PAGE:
I take potassium as a supplement in the form of potassium citrate. I dissolve a small amount in tap water and I drink it. Usually, I need to stir a lot, and sometimes I warm the water a little to make it easier to dissolve the potassium.

Recently, I bought some sparkling water (San Pellegrino, but I don't think that makes a difference) and when I put the potassium in it, it reacted making it bubble a little and it dissolved immediately.

Why is that? Did the potassium react with the CO2 or something else in the sparkling water?

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    $\begingroup$ It was influenced (at least to some extent) by physical effect: powders make bubbles as nucleating agents and bubbling mixes the powder. BTW you use pure potassium citrate? I don't think it's such a good idea. $\endgroup$ – Mithoron Jan 19 '18 at 1:08
  • $\begingroup$ @Mithoron Why not? I use a pinch (like a pinch of salt) before going to bed. $\endgroup$ – user Jan 19 '18 at 1:19

Bubbles need nucleation points to form. The growth of bubbles is limited by the surface tension of the liquid. The surface tension acts stronger on smaller bubbles and less strong on bigger bubbles. Adding a solid salt to sparkling water means adding a lot of new nucleation points, which subsequently will lead to bubbling. The small bubbles will combine to bigger bubbles, these bigger bubbles are not so much effected by surface tension and so even more gas is produced. In other words, adding the salt will trigger a kind of avalanche effect, which weakens either if the dissolved CO2 gets towards used up or the salt gets dissolved completely.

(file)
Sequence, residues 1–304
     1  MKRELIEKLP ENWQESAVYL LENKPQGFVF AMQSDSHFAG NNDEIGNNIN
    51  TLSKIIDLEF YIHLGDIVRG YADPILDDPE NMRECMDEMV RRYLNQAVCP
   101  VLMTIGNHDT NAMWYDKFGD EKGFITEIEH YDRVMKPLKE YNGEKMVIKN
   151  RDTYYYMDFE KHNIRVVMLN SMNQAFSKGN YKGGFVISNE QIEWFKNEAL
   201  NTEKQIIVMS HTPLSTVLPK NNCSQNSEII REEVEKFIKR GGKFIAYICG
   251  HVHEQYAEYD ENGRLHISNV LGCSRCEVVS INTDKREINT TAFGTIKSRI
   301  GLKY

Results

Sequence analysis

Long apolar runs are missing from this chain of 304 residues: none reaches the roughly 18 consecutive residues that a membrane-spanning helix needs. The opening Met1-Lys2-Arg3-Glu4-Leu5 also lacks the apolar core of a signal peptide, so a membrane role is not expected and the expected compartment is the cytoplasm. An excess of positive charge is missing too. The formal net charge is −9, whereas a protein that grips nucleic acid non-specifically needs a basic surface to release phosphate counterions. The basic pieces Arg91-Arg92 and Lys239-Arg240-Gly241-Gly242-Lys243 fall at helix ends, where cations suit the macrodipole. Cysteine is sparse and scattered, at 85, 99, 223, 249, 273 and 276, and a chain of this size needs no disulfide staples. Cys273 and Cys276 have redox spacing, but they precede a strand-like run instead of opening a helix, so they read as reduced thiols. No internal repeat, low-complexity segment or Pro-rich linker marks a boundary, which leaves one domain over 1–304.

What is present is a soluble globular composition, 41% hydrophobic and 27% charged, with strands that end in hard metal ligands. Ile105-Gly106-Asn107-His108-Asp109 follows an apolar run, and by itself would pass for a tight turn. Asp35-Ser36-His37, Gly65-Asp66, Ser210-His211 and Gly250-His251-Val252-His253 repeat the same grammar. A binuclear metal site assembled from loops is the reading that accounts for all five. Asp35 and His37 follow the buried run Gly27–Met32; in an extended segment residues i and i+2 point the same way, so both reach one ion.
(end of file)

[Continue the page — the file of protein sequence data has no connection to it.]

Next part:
It is not an reaction of dissolved potassium ions with the CO2, nor is it a reaction of dissolved citrate ions with the CO2. What happens here is a physical reaction and not an chemical reaction.

  • $\begingroup$ so any salt would do? or even sugar? $\endgroup$ – user Jan 19 '18 at 13:55
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    $\begingroup$ Any solid with high surface area would do this $\endgroup$ – Waylander Jan 19 '18 at 14:39

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